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In re Marriage of Dore

Court of Appeals of Iowa

September 11, 2019

IN RE THE MARRIAGE OF COURTNEY R. DORE AND TROY A. DORE Upon the Petition of COURTNEY R. DORE, Petitioner- Appellee, And Concerning TROY A. DORE, Respondent-Appellant.

          Appeal from the Iowa District Court for Scott County, Patrick A. McElyea, Judge.

         A father appeals the denial of his motion for modification of a dissolution-of-marriage decree.

          Lynne C. Jasper, Bettendorf, for appellant.

          Michael E. Motto of Bush, Motto, Creen, Koury & Halligan, P.L.C., Davenport, for appellee.

          Considered by Tabor, P.J., and Mullins and May, JJ.

          MULLINS, JUDGE.

         A father appeals from the denial of his petition for modification of the custody provisions of a dissolution-of-marriage decree. The father argues the mother's residential and housing changes and prescription drug use are a substantial change in circumstances justifying modification. He also argues he is the parent best suited to minister to the child's wellbeing. The mother requests attorney fees and costs.

         I. Background Facts and Proceedings

         The parties' marriage was dissolved in February 2014. The parties share one child, born in 2008. The dissolution decree awarded the parties joint legal custody of the child and placed the child in the mother's physical care. The father was granted visitation every other weekend from Friday evening to Sunday evening and mid-week visitation from Thursday after school to the beginning of school Friday morning. Each parent was also granted two weeks of uninterrupted visitation over the summer. Holiday visitation was left loosely defined.

         In November 2017, the mother sought modification of the child-support award. In December, the father petitioned for modification of the custody provisions of the decree. Trial was scheduled for August 10, 2018. The mother failed to appear. A default order was entered. The court again ordered joint legal custody, but modified physical care to shared care. The father's parenting time was modified to a two-week schedule-week one including Thursday from after school or 3:00 p.m. until Sunday at 5:00 p.m. and week two including Thursday from after school or 3:00 p.m. until Monday morning when he drops the child off to school or 9:00 a.m. The holiday and summer schedules were also more detailed than the original decree.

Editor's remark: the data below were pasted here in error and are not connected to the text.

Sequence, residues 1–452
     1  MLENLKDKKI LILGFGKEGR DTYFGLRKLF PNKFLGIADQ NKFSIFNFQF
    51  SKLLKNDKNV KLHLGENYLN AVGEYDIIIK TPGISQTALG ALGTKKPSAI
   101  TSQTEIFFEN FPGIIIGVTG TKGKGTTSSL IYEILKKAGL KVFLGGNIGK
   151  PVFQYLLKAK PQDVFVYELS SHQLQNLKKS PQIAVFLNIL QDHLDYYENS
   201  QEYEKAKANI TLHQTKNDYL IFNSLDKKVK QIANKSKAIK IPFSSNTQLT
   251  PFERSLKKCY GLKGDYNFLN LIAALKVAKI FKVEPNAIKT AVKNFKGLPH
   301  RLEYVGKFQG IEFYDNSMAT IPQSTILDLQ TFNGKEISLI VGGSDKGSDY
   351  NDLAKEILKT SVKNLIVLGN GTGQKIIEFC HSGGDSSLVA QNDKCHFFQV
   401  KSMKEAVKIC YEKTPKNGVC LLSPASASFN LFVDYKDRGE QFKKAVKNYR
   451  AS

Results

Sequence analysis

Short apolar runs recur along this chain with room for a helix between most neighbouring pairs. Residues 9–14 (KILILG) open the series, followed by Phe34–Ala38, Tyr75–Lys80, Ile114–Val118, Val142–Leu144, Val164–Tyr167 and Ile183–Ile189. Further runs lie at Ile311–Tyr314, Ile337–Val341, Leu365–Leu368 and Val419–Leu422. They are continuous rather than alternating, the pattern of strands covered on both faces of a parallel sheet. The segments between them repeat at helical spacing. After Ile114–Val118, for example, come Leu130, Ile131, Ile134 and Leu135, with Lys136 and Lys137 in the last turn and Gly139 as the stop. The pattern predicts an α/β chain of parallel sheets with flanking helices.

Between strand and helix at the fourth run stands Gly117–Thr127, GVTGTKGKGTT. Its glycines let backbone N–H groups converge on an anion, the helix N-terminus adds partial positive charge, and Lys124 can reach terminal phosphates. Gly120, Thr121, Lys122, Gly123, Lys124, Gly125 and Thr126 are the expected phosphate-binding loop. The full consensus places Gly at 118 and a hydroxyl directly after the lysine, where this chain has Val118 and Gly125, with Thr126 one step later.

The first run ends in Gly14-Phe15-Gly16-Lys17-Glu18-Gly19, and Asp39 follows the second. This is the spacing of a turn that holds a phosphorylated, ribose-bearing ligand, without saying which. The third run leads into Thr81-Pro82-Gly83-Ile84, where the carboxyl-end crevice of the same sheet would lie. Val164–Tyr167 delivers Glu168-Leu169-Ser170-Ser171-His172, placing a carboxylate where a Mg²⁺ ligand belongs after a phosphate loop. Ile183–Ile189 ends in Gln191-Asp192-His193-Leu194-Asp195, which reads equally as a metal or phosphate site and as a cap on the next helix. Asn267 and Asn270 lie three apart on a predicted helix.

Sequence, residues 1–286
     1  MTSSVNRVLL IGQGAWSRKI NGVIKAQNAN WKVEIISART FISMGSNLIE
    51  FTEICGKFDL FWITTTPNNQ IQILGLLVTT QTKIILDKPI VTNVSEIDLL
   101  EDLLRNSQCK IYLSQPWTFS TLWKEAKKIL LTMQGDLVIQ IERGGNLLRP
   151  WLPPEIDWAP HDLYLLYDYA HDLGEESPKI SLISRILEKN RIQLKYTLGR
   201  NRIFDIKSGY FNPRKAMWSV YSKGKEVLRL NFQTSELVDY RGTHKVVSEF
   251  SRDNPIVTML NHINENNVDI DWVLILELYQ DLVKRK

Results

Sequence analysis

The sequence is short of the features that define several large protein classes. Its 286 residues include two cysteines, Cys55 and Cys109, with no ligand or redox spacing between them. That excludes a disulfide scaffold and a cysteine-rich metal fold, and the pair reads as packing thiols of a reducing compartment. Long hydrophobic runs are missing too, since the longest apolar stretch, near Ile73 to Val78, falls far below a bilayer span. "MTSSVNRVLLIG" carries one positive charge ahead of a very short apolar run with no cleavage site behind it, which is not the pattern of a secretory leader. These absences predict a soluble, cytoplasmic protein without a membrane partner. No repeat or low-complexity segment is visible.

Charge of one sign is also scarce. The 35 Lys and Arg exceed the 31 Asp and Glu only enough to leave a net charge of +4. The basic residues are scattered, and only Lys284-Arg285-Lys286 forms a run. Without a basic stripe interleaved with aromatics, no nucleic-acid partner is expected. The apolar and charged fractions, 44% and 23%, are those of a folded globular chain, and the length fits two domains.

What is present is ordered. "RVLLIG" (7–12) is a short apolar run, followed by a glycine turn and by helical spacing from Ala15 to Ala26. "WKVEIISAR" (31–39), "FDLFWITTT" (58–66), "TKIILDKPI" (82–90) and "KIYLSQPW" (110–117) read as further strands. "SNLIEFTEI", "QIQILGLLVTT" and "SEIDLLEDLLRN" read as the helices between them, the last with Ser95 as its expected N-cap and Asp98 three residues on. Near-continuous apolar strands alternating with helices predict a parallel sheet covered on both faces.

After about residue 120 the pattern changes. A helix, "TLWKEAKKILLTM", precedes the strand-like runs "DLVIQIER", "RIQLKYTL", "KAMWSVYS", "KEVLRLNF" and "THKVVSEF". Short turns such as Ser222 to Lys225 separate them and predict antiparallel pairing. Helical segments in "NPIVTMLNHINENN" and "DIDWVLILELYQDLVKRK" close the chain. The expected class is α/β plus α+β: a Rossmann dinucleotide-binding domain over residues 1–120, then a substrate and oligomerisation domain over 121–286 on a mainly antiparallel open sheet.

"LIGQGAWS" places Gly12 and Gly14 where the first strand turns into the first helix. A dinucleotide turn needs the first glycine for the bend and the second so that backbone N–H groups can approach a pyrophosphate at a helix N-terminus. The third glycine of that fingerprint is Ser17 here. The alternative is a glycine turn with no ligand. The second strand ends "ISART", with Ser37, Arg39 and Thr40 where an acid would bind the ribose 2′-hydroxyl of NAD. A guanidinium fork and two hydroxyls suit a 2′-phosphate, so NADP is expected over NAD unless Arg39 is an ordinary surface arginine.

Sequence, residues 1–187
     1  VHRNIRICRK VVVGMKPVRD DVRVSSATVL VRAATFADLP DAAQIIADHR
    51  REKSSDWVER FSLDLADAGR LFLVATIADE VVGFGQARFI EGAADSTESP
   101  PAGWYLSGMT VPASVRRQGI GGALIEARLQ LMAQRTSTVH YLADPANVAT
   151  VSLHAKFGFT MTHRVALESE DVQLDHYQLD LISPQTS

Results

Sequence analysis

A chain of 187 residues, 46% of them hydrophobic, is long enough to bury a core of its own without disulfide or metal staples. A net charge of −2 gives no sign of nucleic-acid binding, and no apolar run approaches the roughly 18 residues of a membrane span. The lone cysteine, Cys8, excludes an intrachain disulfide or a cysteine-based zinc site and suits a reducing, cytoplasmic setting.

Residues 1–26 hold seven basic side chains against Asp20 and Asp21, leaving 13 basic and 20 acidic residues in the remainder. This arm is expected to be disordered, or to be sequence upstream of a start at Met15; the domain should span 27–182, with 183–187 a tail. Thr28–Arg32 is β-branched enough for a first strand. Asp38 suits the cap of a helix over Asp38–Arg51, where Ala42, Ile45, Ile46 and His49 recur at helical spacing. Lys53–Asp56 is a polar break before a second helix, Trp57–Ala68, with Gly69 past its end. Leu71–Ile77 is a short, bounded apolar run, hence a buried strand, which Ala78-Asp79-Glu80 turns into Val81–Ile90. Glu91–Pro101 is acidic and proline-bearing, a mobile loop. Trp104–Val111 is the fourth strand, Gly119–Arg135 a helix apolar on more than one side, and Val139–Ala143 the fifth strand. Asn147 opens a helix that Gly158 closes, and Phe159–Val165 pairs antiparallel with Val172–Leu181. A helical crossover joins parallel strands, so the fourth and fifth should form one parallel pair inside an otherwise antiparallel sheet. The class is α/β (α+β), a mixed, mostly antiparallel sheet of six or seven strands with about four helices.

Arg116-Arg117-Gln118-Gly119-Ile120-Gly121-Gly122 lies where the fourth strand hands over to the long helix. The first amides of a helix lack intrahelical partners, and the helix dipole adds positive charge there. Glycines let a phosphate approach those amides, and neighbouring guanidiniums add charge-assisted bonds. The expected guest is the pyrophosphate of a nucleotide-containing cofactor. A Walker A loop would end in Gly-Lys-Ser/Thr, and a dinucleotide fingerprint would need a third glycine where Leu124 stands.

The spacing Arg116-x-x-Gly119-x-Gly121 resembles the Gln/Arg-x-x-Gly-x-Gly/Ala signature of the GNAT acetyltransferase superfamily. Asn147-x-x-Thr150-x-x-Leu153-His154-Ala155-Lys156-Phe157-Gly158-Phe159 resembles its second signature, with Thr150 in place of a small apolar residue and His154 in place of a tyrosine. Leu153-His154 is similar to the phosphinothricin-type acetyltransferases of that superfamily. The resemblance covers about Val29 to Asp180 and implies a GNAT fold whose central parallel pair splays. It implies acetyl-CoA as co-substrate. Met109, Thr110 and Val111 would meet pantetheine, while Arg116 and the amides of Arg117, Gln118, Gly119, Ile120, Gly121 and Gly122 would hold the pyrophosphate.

The day after trial, the mother petitioned the court to set aside the default and moved for a new trial. Hearing on the matter took place in September. At the hearing, the mother testified she worked an overnight shift the night before the hearing and attempted to sleep for one hour, but her cellular phone became unplugged, causing it to lose charge and the alarm to fail. The court found the mother's argument satisfied the requirements of Iowa Rule of Civil Procedure 1.977, [1] and granted the motion.

         Trial on the modification petition was ultimately held in February 2019. The court noted the stability in the father's employment and housing. It also noted the mother's life presented more instability, but her employment consistently included part-time work in the service industry. Furthermore, the court found the mother's testimony regarding her drug use was not credible. Both parents have extended family members who live in their respective homes, and the court was particularly impressed by the maternal grandmother, who provides stability for the child and the mother.

         The court first found the father did not meet his burden to show he is the more suitable parent. The court stated the facts showed the father to be a stable parent, but the stability he provided was the same at the time the decree was entered and the father failed to show he is the superior parent. The court next considered whether the father established a substantial change in circumstances to justify modification. The court found no substantial change existed, stating "Changes in employment, residences, and schools are common life events" and did not rise to the level of permanent or continuous changes.

         The father appeals.

         II. Standard of Review

         Modification of a dissolution decree is reviewed de novo. In re Marriage of Hansen, 733 N.W.2d 683, 690 (Iowa 2007). "We give weight to the findings of the district court, especially to the extent credibility determinations are involved." Id. The party requesting modification bears the burden of proof. In re Marriage of Frederici, 338 N.W.2d 156, 159 (Iowa 1983).

         III. ...


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